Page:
Monday, January 21, 2013

NYPL: Lunch Hour

There's still time to enjoy Lunch Hour, the NYPL exhibit that celebrates the history of lunching in New York City. Free to all and located at the Main Branch (I refuse to call it by its new name) until February 17, the show is definitely worth the visit.

Filled with vintage menus and photos from places like Delmonico's, Sardi's, and Schrafft's, and an interview with the inventor of the stainless-steel hot dog cart, the show also has a few poetry treasures--a signed copy of Frank O'Hara's Lunch Poems and a hand-written version of W.H. Auden's "In Schrafft's," which begins:

Having finished the Blue-plate Special
And reached the coffee stage,
Stirring her cup she sat,
A somewhat shapeless figure
Of indeterminate age
In an undistinguished hat.

But the biggest draw of the Lunch Hour show is their restored Horn & Hardart Automat. If you squeeze your eyes, and imagine the scene in black and white, you can almost feel transported through time.

The best part is--you can touch this Automat. You can open its glass and brass windows and reach inside, as if for a slice of honey pie or a fresh donut, or a plate of cholent (everybody around you saying, "What was cholent?"). I slipped a nickel in, just to see what would happen. It rang through the machine and thunked down in the dark hollow of its inside, unwanted.

They've also got a screen showing clips of Automat scenes from Hollywood movies and television--in all of them, an impoverished young woman seeks sustenance. In That Girl, Marlo Thomas makes a poor woman's tomato soup from a bowl of hot water and ketchup. Automat worker Audrey Meadows slips a free chicken potpie to Doris Day in That Touch of Mink. And in 1934's Sadie McKee, Joan Crawford looks hungrily at a fellow diner's abandoned slice of lemon meringue--into which he extinguishes his cigarette.

An older couple next to me picked up the listening device to hear the film's sound, a lush cafeterial clatter. "Dishes and silverware," said the woman to her husband, "That's just what they really sounded like!"


James C. Taylor said...

I knew nothing about this but will definitely check it out! I remember seeing a lot of functioning automats in (old) Amsterdam, although that was over ten years ago.

blue glass said...

boy do i miss those ladies dispensing nickels - they'd shoot a handful onto the counter - they'd never count the nickels and they always gave you the correct amount.
and they always wore a smile.

BabyDave said...

Thanks for the tip on this exhibit. I must go.
I remember the Automat experience as a young child. My father would hand me a dollar bill in front of the change-making booth. I would hand over the bill and the woman at the booth would push forth 20 nickles for me to scoop up. It was like Christmas at a Las Vegas slot machine for a four-year-old.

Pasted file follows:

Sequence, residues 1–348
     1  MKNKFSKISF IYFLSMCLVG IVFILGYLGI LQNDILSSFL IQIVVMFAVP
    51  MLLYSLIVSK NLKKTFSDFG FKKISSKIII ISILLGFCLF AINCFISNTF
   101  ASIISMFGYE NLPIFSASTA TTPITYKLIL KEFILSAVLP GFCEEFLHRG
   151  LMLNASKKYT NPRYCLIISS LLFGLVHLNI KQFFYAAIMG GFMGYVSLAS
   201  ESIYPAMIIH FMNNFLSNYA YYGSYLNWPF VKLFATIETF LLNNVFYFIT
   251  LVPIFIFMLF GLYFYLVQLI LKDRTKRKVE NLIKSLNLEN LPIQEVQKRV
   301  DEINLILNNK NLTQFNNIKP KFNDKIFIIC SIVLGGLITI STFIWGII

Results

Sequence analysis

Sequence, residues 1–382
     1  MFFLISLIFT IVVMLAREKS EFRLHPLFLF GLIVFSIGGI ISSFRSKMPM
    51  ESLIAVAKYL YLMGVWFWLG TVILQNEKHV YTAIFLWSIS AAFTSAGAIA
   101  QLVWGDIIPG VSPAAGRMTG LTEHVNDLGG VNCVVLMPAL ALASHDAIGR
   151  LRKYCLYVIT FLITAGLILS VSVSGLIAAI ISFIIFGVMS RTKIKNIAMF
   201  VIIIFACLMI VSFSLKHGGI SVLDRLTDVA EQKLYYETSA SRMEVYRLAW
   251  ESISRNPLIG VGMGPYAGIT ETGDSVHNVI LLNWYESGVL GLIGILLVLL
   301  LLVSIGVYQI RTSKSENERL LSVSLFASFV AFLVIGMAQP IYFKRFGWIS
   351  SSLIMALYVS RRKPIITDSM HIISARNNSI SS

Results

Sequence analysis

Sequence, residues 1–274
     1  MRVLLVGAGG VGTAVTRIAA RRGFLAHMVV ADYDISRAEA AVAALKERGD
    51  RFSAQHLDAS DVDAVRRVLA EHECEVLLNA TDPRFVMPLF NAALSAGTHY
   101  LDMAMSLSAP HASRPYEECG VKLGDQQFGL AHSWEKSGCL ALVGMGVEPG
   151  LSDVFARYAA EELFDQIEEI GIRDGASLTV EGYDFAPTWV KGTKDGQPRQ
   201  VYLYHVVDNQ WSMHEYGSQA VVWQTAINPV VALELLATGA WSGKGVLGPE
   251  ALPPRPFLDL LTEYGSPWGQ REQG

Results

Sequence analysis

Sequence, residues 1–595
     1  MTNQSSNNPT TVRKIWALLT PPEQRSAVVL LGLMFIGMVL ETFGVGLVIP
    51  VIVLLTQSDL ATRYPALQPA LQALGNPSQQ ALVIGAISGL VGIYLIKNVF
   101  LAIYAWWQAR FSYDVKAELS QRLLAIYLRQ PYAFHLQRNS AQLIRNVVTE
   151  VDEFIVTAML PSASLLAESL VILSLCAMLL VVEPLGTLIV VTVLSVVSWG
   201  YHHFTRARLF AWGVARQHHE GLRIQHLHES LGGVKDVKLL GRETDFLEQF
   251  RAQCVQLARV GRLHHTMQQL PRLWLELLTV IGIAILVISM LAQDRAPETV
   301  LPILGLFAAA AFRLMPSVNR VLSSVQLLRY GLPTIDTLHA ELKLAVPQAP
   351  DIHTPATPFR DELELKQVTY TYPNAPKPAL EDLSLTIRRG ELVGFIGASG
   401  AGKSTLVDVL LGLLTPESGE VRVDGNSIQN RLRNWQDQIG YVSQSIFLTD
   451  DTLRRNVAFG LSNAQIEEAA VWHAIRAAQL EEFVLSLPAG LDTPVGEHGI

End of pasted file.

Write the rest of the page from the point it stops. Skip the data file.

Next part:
A few years later, as a grade-schooler I would go to an Automat with a subway platform-level entrance. A kaiser roll purchased for, I think, a dime, along with the pat of butter that came with it and the condiments on every table made a ketchup and/or mustard sandwich that was a very tasty after-school snack.

onemorefoldedsunset said...

Thanks! I'd definitely like to check this out. I'm glad I got the chance to experience the real thing, but I almost feel I imagined it.

Marty Wombacher said...

That looks too cool! I wish I could go!

laura said...

the automat wasa great concept. looked nice too, kind of chic for good prices. i may be off in my memory, but was there one on 57st? i remember going there as a teen. when did the last one close? just think anout this: from the audomat to subway, from the audomat to mac donalds. what a downward spiral.

Pat said...

There was also poor woman's lemonade: ice water + the free sugar and lemon slices they put out for tea drinkers.

BabyDave said...

Yes, I remember one on 57th Street, a few doors West of Sixth Avenue, on the South side of the street.
As for the closing of the last Automat:

Brian Dubé said...

Recently, in 2006, the automat had a revival in the form of Bamn!, an East Village restaurant based on modern automats in Amsterdam. It has since closed, though.

demize! said...

Man I miss the Automats. The Gargoyle coffe spigots, the crock of baked beans with ham and Pumpernickel wedges. Damn good Chopped Steak with mashed and creamed spinach too.

demize! said...

Just an addendum on the current theme ; there were chain establishments that I truly miss and just didnt have the same ominous quality that our current ones do. Maybe its just aesthetics, but I loved a chain called ZUM ZUM which was a great looking place and had excellent inexpensive German style food, it was also always kept impeccably clean. I also miss Chock Full of Nuts, Nedicks, and to a lesser degree Orange Julius.